Cunliffe’s message gets lost
The public may say they want politicians to work together for the good of the country, but the track record suggests voters prefer to elect strong leaders with a clear sense of purpose.
That’s one of several reasons why Labour leader David Cunliffe’s recent apology for being a man seemed so damaging.
Regardless of the context in which it was delivered, the apology played into stereotypes of liberals as wimps.
Cunliffe was speaking to a Women’s Refuge audience who have to cope on a daily basis with the realities of male violence against women.
Even so, Cunliffe’s awkwardly phrased apology managed to overshadow the gist of his speech.
If elected, Labour plans to invest an extra $60 million over four years in frontline services to cope with domestic and sexual violence – such as Women’s Refuge, family violence programmes and rape victim support services.
Needless to say, the abject apology got far more media coverage than the funding pledge.
For years, the organisations that deal with the victims of sexual and domestic violence have been under-funded.
Belatedly in this year’s Budget, the Government announced a $ 10.5 million funding increase over two years, barely a quarter of what the next America’s Cup campaign will be looking for from the Government later this year.
The Budget boost came too late to save the 24-hour phone service provided by Christchurch’s only rape crisis centre – which needed $ 34,000 to keep running, but which cannot access the Budget funds, because it is insolvent.
There is a grave risk of 20 years of frontline experience being lost.
Last week, the Government also unveiled an integrated programme on domestic violence that will be focused on the estimated 20 per cent of victims who contact the authorities.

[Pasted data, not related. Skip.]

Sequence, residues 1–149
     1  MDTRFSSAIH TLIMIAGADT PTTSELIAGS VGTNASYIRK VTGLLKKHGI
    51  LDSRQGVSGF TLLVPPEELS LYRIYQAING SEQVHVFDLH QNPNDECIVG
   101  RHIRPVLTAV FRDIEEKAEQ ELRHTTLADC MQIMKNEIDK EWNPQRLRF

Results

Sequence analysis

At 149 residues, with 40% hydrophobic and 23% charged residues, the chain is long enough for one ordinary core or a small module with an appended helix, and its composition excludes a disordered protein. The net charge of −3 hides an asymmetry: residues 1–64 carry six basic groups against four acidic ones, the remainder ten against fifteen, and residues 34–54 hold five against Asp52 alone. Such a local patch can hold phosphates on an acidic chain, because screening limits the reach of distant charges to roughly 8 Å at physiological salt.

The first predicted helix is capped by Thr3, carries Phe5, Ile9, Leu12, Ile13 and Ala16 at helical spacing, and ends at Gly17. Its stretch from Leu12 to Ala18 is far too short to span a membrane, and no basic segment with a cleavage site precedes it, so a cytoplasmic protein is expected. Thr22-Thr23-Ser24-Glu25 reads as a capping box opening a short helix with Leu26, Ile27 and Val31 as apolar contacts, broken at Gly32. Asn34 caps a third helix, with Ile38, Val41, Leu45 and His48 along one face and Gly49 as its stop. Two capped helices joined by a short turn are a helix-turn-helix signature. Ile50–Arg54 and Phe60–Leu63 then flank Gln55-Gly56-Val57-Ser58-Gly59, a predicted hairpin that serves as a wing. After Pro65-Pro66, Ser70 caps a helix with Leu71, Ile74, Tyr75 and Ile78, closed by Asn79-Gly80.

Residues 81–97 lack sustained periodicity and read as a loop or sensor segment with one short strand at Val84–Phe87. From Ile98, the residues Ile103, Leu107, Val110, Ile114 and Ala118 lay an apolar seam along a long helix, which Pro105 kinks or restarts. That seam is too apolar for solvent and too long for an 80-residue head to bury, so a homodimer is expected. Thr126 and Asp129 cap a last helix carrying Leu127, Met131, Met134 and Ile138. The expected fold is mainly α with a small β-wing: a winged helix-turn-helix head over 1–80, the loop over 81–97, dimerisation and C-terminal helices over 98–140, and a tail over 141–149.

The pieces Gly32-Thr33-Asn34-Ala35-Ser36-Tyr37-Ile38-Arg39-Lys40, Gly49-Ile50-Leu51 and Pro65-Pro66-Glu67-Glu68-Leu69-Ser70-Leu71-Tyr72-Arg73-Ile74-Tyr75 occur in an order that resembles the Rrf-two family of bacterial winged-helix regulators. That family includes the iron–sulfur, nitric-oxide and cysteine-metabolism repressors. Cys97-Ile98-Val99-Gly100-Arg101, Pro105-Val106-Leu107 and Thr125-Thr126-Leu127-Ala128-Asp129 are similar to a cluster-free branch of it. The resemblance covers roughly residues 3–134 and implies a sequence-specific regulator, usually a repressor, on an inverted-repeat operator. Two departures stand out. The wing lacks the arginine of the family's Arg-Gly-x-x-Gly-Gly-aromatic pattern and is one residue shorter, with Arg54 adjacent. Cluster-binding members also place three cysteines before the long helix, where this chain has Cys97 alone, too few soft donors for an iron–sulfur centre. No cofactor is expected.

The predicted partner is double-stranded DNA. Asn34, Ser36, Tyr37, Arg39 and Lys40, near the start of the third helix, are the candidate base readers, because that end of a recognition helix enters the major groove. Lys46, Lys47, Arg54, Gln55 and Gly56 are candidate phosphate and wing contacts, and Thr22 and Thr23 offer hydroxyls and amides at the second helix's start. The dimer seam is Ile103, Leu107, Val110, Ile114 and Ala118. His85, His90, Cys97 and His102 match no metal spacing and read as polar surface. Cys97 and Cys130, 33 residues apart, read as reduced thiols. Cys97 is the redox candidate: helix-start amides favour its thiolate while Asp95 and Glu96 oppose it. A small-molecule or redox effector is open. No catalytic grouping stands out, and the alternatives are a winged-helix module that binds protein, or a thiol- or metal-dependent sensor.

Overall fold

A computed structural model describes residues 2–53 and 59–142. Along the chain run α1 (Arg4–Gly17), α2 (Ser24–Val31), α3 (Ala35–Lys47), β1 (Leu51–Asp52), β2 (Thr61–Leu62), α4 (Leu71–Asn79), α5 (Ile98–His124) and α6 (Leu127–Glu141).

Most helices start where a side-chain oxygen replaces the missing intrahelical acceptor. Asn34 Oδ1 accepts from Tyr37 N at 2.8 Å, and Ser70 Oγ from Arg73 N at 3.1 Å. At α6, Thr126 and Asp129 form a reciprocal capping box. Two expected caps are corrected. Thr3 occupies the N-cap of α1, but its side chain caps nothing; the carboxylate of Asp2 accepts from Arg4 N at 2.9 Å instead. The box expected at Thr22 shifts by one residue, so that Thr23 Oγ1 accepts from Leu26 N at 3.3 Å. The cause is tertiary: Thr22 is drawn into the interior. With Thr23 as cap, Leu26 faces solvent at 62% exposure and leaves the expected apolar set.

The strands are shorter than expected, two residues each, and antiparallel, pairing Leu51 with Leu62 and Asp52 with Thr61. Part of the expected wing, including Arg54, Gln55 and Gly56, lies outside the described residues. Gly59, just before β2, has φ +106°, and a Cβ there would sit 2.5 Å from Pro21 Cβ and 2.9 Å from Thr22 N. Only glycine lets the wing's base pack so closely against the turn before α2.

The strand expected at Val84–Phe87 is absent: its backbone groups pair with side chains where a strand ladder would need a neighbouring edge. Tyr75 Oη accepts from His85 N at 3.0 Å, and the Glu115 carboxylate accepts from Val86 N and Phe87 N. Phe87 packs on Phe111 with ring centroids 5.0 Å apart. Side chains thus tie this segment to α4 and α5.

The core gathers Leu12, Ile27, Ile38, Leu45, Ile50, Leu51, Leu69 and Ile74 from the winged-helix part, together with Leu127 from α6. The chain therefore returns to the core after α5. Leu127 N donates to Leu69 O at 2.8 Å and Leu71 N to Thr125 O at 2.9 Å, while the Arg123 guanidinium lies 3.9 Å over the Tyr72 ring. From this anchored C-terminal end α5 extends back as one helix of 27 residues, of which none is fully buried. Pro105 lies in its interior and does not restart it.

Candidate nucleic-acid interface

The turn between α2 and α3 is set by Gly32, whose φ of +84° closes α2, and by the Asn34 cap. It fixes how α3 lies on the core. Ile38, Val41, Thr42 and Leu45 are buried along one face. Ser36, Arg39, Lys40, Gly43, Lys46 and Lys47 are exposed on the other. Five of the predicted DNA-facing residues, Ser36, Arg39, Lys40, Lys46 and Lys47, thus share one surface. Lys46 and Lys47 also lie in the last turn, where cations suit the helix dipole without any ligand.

The package includes assistance for victims to leave violent relationships, closer monitoring of likely offenders via GPS tracking and a review of the Domestic Violence Act.
In addition, those accused of sexual violence offences may lose their right to remain silent.
As editorial commentary has noted, the Government appears intent on bypassing some of the existing Women’s Refuge/ Rape Crisis networks, and will fund (or create) other providers to do the same work.
‘‘ Women’s Refuge could read National’s just-announced policies on domestic abuse as a slap in the face,’’ noted the Timaru Herald.
‘‘Why bypass the very organisation that is at the heart of dealing with victims? What has Women’s Refuge done wrong?’’
Reportedly, Women’s Refuge was given no warning of the Government’s policy changes, and was not consulted about them. The approach seems wrong. New Zealand has an existing organisational network that deals with this problem. Yet after being chronically underfunded, it now seems it is being cut out of the funding and service delivery loop, at a time when reported offences are on the rise.
Are we allocating sufficient funds and using the best available expertise to cope with New Zealand’s wave of domestic and sexual violence – and shouldn’t the response be doing more to reach out to the 80 per cent of victims who, for various reasons, do not or cannot take the risk of reporting their situation?
Arguably, these issues should have led the national debate last week.
Instead, Labour MP Trevor Mallard’s keen interest in reincarnating the moa and David Cunliffe’s ‘‘ man shame’’ dominated the political agenda.